The last name change
Numerous bloggers on A Practical Wedding have reflected on how they felt about changing their last names and what their decision was. Both Alexi and Meg discuss this topic in their blog posts that I have shared. Several weeks ago, I shared the following comment on a discussion about the changing your last name on the Broke-Ass Bride:
“I had thought about the last name change decision long before I started dating my fiancé. My last name is ‘Best’ so it’s always seemed like a no brainer to keep it after marriage. I love my last name because it’s unique and, more importantly, because it is a direct connection to my dad. Ultimately, I see it as a way of maintaining my own social identity. Choosing not to take my husband’s last name does not make us any less united as a couple.”
There is nothing wrong with a woman choosing to take her husband’s last name. Just like any of these traditions, I think women need to think more critically about changing their last name instead of just doing it because that’s what society tells them to do.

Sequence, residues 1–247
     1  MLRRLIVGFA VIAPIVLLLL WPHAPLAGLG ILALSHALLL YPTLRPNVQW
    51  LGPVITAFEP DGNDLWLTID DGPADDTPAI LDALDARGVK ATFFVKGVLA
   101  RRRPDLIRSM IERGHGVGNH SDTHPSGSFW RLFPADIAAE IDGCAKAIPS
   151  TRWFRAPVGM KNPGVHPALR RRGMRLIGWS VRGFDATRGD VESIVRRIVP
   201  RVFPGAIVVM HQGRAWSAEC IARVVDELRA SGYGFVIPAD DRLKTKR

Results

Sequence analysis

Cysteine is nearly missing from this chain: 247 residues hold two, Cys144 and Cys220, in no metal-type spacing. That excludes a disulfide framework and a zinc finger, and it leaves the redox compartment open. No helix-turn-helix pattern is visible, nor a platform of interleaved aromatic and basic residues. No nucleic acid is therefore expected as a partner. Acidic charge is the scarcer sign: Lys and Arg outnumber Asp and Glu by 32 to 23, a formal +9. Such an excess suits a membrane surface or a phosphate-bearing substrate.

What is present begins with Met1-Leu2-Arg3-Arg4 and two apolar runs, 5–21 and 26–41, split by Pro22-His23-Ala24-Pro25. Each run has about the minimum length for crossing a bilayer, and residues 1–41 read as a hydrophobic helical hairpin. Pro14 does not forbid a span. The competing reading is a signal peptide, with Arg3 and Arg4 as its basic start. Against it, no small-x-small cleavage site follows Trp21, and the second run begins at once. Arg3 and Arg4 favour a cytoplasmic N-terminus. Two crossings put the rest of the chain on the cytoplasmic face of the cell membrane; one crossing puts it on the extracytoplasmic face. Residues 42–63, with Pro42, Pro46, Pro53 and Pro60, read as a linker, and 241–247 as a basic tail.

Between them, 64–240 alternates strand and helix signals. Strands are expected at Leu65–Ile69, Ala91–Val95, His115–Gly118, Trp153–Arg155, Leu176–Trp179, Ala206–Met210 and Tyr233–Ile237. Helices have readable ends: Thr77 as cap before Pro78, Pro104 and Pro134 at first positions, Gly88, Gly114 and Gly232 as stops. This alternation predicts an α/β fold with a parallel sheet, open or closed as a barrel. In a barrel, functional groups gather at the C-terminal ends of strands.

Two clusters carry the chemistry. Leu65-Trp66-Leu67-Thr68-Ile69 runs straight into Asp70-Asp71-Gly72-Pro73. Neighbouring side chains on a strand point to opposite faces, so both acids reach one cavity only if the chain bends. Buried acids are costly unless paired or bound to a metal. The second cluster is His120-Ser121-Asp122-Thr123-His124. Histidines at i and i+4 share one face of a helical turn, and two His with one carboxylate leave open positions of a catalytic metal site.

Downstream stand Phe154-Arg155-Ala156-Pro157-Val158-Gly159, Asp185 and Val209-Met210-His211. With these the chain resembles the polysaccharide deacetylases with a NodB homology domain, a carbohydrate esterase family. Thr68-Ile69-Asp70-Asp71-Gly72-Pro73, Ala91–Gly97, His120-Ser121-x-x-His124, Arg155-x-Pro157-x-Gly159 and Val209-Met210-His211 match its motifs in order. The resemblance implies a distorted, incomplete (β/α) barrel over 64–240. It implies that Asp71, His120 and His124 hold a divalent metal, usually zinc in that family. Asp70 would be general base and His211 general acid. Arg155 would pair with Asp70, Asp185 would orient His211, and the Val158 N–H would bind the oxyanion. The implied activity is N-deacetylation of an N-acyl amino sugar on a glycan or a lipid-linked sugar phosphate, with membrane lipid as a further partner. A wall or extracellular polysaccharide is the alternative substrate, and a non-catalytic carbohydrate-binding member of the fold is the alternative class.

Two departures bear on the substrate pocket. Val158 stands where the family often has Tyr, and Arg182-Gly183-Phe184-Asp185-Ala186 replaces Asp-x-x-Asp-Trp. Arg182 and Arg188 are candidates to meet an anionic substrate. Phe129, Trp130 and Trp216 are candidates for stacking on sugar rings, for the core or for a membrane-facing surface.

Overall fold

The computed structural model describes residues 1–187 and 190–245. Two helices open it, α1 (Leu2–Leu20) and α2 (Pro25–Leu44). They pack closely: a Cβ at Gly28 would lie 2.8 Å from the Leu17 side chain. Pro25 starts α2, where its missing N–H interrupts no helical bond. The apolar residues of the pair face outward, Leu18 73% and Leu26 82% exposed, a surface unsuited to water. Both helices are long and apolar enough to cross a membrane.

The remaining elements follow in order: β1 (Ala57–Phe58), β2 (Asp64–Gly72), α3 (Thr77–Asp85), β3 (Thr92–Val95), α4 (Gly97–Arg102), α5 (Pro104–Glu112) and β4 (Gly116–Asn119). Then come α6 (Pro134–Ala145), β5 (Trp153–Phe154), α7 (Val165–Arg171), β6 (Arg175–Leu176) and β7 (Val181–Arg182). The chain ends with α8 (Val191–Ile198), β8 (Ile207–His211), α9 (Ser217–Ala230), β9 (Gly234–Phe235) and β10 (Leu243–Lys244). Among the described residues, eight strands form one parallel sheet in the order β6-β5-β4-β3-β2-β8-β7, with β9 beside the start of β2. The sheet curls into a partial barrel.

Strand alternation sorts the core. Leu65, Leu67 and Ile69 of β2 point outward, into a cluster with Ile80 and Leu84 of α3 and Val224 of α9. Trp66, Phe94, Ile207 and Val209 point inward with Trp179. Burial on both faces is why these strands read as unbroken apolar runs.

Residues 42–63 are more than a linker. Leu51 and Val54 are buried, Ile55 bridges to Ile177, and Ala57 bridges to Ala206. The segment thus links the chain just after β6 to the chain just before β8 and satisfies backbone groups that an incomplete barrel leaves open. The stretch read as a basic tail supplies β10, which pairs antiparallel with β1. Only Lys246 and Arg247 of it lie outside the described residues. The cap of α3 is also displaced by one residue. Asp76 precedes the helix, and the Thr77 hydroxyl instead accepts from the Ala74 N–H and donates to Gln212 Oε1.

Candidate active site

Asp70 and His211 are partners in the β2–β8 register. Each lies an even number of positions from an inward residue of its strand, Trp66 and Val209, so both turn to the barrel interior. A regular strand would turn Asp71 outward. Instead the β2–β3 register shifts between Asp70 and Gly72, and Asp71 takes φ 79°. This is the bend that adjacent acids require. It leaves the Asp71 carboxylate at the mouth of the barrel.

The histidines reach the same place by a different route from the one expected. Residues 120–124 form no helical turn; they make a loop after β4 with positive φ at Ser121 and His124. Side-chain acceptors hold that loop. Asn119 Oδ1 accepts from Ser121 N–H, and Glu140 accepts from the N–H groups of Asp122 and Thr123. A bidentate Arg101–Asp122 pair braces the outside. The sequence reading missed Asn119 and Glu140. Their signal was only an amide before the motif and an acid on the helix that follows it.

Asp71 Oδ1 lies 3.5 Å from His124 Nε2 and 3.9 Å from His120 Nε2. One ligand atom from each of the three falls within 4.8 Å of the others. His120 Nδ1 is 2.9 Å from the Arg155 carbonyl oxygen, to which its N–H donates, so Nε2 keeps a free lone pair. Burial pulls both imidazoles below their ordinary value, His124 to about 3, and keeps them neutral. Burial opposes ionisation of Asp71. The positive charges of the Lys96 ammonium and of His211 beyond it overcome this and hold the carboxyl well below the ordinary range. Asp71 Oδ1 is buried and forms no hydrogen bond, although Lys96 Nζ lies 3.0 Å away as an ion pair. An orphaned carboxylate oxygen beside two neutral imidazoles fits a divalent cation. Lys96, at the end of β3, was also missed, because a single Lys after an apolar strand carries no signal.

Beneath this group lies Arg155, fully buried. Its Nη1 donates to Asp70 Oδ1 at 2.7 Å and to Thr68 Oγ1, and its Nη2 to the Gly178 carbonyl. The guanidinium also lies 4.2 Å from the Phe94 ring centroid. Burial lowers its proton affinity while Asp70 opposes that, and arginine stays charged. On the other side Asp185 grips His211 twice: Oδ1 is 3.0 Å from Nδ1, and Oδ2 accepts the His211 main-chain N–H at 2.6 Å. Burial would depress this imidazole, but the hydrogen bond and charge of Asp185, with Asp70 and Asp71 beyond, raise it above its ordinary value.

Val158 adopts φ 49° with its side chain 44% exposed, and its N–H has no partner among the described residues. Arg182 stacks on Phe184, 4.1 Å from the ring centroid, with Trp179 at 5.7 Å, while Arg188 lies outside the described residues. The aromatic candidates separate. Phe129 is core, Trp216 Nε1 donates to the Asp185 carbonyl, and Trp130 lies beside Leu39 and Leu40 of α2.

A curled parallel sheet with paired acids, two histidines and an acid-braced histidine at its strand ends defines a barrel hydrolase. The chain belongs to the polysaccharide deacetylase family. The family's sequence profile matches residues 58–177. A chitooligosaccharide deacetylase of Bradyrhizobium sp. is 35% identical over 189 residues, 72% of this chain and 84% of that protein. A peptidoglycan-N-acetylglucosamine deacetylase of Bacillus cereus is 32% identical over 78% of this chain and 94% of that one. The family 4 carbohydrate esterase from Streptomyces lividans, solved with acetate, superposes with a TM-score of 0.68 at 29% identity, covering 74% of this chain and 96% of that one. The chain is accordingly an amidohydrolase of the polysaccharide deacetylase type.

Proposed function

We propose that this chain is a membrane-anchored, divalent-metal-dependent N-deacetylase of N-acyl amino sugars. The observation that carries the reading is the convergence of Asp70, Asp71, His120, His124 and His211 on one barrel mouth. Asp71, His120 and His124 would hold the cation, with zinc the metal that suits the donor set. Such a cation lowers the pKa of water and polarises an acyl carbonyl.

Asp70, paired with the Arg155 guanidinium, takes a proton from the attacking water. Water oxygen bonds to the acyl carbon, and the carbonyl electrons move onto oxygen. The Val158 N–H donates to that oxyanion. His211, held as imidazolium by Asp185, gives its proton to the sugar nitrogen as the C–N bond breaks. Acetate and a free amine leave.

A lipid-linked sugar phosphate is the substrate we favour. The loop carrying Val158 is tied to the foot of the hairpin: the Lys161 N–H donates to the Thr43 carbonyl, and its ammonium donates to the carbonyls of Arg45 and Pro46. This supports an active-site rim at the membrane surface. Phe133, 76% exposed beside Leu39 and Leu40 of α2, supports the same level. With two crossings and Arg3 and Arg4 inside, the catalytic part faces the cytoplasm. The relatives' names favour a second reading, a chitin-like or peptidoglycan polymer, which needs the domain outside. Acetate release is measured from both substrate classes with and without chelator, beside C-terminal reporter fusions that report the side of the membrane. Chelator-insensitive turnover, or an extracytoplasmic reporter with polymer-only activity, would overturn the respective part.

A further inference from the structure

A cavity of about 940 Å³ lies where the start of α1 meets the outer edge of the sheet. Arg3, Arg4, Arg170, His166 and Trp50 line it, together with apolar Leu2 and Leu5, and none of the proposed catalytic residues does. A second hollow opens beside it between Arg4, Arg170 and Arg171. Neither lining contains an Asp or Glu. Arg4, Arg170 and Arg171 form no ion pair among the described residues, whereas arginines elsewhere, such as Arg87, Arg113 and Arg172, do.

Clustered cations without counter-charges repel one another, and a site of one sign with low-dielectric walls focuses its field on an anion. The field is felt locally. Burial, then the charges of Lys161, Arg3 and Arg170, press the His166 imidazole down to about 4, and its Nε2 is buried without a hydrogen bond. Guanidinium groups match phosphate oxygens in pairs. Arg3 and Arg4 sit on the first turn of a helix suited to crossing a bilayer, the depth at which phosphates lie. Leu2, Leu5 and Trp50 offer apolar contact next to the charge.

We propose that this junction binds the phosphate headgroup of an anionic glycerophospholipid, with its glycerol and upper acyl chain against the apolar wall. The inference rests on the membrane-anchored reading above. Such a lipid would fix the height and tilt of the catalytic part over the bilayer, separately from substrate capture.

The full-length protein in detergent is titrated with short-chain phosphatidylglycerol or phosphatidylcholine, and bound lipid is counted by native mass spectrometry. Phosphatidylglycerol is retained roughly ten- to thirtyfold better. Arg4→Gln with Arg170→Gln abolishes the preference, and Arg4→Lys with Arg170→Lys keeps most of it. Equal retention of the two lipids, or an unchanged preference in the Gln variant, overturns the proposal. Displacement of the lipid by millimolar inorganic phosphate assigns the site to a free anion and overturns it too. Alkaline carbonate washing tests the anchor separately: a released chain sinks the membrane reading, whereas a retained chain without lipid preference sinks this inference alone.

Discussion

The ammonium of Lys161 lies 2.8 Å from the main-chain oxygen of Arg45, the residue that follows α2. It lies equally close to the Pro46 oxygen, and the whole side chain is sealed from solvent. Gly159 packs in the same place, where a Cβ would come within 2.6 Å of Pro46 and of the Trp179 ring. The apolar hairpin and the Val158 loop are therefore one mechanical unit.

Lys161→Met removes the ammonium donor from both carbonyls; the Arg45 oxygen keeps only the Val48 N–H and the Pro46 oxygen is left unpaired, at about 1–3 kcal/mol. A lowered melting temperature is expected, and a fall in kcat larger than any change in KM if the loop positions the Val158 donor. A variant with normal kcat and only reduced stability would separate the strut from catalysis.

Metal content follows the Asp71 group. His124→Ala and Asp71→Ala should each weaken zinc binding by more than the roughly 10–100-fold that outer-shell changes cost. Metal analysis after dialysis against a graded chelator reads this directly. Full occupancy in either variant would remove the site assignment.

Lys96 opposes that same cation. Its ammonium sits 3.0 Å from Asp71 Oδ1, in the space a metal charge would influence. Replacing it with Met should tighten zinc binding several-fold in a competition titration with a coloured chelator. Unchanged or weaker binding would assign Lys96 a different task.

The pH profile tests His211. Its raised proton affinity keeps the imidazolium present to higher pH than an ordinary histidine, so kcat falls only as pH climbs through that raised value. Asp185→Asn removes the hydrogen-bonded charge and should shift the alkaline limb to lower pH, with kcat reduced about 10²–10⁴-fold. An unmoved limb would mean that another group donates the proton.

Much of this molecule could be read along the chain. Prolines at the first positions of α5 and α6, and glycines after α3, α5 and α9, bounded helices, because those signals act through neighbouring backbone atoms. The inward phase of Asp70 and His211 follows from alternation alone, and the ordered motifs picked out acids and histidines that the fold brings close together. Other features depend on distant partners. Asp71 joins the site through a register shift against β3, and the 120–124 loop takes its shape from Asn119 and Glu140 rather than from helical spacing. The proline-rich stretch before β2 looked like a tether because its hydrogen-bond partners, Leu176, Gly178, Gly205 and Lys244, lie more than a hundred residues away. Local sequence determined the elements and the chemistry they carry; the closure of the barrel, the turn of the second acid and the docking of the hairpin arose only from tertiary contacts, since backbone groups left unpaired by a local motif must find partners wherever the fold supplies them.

Who pays for the wedding?
Once again, tradition dictates the financial responsibilities for a wedding.
Meg says that, “The tradition that the bride’s parents pay for the wedding, while the groom’s parents skate by relatively unscathed, has troubling roots in, say, dowries, and getting rid of that female kid that can’t earn any money.”
My mother is widowed and retired so I do not think it is reasonable to ask her to cover what the bride’s family is expected to pay for. Making the bride’s parent’s pay for the wedding just because they are the bride’s parents does not seem fair to me, especially since a marriage requires equal commitment from both the husband and the wife. Bride or groom…titles should not dictate who pays for the wedding.
Just like women need to be critical consumers in the wedding market, women also need to think critically about the traditions that guide weddings and what these traditions suggest about the value and place of women in a marriage. What’s important is that a couple decides what marriage means to them. “When we decide to get married,” Meg says, “we decide to reclaim and remake the institution of marriage, and shape it into something that works for us.” I could not agree more.
What wedding/marriage traditions exist that I have not included in my post? What traditions bother you?